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mopc
2004-Jul-28, 04:39 AM
Can anybody tell me what are the largest and smallest stars known (in terms of mass and diameter)? Could you include the size of the most famous stars, like Alpha and Beta Centauri, Betelgeuse, Sirius, etc. Not to mention quasars, pulsars, etc.

If there are any links to this kinda info, please!

Manchurian Taikonaut
2004-Jul-28, 05:19 AM
super sized star, at one time it was thought to be Alpha Herculis but astronomers now think Epsilon Aurigae is 2,700 times the Sun's size, far larger than alpha the red giant Betelgeuse or Alpha Herculis

mopc
2004-Jul-28, 05:43 AM
2,500 times the mass or diameter of the Sun???

Kullat Nunu
2004-Jul-28, 06:28 AM
2,500 times the mass or diameter of the Sun???

Diameter, although it is no longer believed to be so large. Epsilon Aurigae B (the star) has most likely a dust disk surrounding it. See more about it from Jim Kaler's Stars (http://www.astro.uiuc.edu/projects/sow/almaaz.html) site. I don't now which star is believed to be the largest in diameter, but the Garnet Star (Mu Cephei) is one of the largest known. Its diameter is larger than the diameter of Jupiter's orbit.

In fact, stars cannot weight much more than 100 solar masses (that border is very ambiguous), otherwise nuclear reactions inside the star become so intense that the star rips itself apart. Actually this happens in the most massive stars like Eta Carinae or Pistol Star. They lose much of their mass before exploding as a supernova.

In very early Universe, when there was only hydrogen and helium, stars weighting over thousand Suns were possible, since there were no heavier elements to act as catalyst in nuclear reactions. We are not sure if such stars really existed, though.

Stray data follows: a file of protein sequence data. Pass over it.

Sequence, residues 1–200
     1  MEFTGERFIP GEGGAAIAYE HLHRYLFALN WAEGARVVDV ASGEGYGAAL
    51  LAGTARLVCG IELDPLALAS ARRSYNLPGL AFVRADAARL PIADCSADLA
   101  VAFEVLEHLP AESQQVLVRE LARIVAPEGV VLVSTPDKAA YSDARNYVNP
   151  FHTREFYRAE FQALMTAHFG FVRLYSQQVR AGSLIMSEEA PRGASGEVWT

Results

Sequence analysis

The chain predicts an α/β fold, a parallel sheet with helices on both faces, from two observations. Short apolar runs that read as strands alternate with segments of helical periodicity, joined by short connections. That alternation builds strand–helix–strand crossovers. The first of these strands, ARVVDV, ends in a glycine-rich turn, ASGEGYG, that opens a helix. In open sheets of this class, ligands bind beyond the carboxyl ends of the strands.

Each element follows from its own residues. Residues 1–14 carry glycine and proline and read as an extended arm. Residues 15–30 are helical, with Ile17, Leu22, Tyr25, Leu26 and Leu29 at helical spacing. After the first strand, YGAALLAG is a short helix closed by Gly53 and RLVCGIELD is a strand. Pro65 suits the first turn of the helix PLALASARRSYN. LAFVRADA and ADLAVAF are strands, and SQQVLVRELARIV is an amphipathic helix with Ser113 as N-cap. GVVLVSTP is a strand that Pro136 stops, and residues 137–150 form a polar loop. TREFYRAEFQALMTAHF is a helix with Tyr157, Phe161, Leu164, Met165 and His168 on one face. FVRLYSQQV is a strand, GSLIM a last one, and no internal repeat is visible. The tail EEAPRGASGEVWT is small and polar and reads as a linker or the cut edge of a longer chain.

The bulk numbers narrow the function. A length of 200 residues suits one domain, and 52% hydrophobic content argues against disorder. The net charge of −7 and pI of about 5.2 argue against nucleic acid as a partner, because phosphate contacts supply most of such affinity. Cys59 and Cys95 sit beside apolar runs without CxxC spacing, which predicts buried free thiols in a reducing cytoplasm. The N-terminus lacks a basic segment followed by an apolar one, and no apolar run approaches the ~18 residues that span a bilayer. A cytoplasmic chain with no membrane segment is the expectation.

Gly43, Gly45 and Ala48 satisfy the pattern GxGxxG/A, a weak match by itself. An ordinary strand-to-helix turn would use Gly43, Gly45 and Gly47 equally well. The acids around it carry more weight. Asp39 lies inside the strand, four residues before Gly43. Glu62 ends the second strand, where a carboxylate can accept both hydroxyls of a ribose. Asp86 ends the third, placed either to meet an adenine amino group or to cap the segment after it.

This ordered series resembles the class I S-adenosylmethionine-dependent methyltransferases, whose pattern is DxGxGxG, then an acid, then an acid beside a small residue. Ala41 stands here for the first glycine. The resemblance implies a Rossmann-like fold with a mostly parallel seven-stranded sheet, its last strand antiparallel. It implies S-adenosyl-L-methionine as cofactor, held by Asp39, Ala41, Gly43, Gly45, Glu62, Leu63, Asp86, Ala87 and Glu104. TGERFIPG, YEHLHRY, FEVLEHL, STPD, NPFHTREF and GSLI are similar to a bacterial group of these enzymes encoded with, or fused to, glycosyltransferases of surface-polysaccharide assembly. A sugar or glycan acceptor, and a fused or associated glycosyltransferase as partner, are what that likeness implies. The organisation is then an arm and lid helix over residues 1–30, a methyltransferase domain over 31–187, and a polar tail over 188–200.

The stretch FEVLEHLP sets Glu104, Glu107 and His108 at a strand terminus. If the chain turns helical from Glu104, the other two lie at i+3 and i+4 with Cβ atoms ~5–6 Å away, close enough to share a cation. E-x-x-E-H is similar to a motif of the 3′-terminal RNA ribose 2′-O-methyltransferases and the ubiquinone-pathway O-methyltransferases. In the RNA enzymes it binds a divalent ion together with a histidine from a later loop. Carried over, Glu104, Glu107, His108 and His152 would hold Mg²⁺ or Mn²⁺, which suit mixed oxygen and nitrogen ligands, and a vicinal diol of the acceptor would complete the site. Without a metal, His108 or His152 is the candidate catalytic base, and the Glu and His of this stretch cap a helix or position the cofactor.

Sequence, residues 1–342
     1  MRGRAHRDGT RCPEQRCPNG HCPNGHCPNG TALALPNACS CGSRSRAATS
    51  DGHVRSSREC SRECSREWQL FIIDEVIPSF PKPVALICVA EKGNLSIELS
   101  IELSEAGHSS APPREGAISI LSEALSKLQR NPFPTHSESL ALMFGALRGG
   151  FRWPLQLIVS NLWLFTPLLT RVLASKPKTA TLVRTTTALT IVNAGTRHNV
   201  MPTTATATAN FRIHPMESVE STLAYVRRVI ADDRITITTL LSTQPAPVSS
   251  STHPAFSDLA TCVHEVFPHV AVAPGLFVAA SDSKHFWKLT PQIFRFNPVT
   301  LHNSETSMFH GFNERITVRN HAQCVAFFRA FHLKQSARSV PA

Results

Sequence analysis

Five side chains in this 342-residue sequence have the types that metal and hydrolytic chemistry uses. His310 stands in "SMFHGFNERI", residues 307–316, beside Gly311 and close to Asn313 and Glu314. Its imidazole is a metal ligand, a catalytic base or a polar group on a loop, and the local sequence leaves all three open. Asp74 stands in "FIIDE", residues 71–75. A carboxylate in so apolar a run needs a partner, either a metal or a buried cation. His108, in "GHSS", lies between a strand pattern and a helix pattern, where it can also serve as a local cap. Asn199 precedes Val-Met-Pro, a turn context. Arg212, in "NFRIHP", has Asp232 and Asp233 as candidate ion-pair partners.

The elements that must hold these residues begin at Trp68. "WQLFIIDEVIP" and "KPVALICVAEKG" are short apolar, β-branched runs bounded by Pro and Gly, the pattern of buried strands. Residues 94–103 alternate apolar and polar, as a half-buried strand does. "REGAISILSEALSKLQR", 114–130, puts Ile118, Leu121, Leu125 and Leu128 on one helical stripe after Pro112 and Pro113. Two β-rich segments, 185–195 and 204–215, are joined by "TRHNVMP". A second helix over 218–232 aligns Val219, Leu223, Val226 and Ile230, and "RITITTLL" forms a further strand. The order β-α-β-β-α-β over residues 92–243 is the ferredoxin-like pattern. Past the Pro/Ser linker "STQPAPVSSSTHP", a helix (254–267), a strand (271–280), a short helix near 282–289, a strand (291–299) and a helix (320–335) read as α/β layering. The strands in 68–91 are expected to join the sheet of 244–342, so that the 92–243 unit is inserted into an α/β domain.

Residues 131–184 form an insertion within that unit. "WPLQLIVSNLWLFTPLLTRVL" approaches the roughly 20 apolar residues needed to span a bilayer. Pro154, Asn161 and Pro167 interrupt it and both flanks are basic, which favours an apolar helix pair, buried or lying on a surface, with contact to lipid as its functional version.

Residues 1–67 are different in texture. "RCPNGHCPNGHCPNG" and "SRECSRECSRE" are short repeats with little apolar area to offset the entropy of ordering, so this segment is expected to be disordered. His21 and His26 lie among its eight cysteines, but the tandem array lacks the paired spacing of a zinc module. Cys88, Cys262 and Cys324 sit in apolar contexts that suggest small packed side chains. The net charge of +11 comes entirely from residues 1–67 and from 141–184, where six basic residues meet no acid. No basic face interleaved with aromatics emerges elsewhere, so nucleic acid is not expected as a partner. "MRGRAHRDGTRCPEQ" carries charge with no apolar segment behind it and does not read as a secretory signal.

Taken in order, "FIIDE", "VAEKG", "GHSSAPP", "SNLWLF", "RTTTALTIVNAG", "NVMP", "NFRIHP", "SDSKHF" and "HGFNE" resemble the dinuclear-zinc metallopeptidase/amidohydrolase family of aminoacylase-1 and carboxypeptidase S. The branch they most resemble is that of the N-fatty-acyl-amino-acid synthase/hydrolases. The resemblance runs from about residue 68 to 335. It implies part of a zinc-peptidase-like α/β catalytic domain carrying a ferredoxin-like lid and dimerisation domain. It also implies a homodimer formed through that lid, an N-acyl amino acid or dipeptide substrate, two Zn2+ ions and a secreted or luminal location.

Kullat Nunu
2004-Jul-28, 06:52 AM
Here (http://www.tim-thompson.com/bright-stars.html) is a list of the brightest (and most massive) stars in the Milky Way.

The most massive star known is LBV 1806-20, which probably has a luminosity 40 million times larger than the Sun.

It is much harder to determine which star is the smallest one in mass. Objects weighting between 12 and 80 Jupiters are considered brown dwarfs. Objects heavier than 80 Jupiters are stars, since they are capable to sustain hydrogen fusion. Brown dwarfs can fuse deuterium (heavy hydrogen) into helium for a short time.

In the main sequence, the dimmest red dwarfs are the smallest in diameter, they are about as large as Jupiter.

White dwarfs are much smaller, about the size of the Earth. Because of gravitational compression, more massive a white dwarf is the smaller its diameter is. Smallest white dwarfs weight 1.4 Suns, since it is the upper limit for white dwarfs (if a white dwarf crosses this line it blows up as a type Ia supernova).

If we count neutron stars as stars, they are of course much smaller still, only a couple of tens of kilometers. They too are gravitationally compressed. The upper limit for a neutron star is poorly known, but it is something 2-3 solar masses.

Masses and diameters for neighboring and famous stars can be found at Internet Stellar Database (http://www.stellar-database.com/).

And mopc, quasars are not stars, but very active regions in the centers of distant galaxies. They do look like stars, though. The central engine, supermassive black hole, is about the size of the Solar System.

Brady Yoon
2004-Jul-29, 05:33 AM
Could you include the size of the most famous stars, like Alpha and Beta Centauri, Betelgeuse, Sirius, etc. Not to mention quasars, pulsars, etc.

http://www.cosmobrain.com/cosmobrain/res/brightstar.html

Here's a list of the 50 brightest stars in the night sky (in terms of visual magnitude). However, the properties of more distant stars are generally not well known because the methods in which they are determined are a little inaccurate.